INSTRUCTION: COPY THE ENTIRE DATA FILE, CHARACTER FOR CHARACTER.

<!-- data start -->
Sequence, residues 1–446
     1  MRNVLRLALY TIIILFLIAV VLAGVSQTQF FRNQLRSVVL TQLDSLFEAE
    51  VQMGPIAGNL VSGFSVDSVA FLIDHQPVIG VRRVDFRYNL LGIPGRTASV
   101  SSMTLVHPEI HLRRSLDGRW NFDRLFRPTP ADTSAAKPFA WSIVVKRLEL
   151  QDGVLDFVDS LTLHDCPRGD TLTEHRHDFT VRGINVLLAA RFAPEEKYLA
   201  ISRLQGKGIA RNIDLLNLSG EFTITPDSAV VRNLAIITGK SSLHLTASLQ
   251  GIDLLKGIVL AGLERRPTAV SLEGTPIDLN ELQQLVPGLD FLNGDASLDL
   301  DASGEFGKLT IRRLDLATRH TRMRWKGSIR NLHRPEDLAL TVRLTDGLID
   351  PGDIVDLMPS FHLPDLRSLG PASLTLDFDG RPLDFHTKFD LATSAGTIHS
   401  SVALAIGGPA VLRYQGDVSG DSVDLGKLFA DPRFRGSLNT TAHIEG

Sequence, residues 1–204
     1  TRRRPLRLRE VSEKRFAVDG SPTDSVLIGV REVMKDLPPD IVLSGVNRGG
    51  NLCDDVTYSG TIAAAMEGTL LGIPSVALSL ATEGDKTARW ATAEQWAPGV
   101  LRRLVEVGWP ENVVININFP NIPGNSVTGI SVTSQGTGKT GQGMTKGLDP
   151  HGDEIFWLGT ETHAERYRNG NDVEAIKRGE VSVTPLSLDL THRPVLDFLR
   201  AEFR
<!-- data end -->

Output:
Sequence, residues 1–446
     1  MRNVLRLALY TIIILFLIAV VLAGVSQTQF FRNQLRSVVL TQLDSLFEAE
    51  VQMGPIAGNL VSGFSVDSVA FLIDHQPVIG VRRVDFRYNL LGIPGRTASV
   101  SSMTLVHPEI HLRRSLDGRW NFDRLFRPTP ADTSAAKPFA WSIVVKRLEL
   151  QDGVLDFVDS LTLHDCPRGD TLTEHRHDFT VRGINVLLAA RFAPEEKYLA
   201  ISRLQGKGIA RNIDLLNLSG EFTITPDSAV VRNLAIITGK SSLHLTASLQ
   251  GIDLLKGIVL AGLERRPTAV SLEGTPIDLN ELQQLVPGLD FLNGDASLDL
   301  DASGEFGKLT IRRLDLATRH TRMRWKGSIR NLHRPEDLAL TVRLTDGLID
   351  PGDIVDLMPS FHLPDLRSLG PASLTLDFDG RPLDFHTKFD LATSAGTIHS
   401  SVALAIGGPA VLRYQGDVSG DSVDLGKLFA DPRFRGSLNT TAHIEG

Sequence, residues 1–204
     1  TRRRPLRLRE VSEKRFAVDG SPTDSVLIGV REVMKDLPPD IVLSGVNRGG
    51  NLCDDVTYSG TIAAAMEGTL LGIPSVALSL ATEGDKTARW ATAEQWAPGV
   101  LRRLVEVGWP ENVVININFP NIPGNSVTGI SVTSQGTGKT GQGMTKGLDP
   151  HGDEIFWLGT ETHAERYRNG NDVEAIKRGE VSVTPLSLDL THRPVLDFLR
   201  AEFR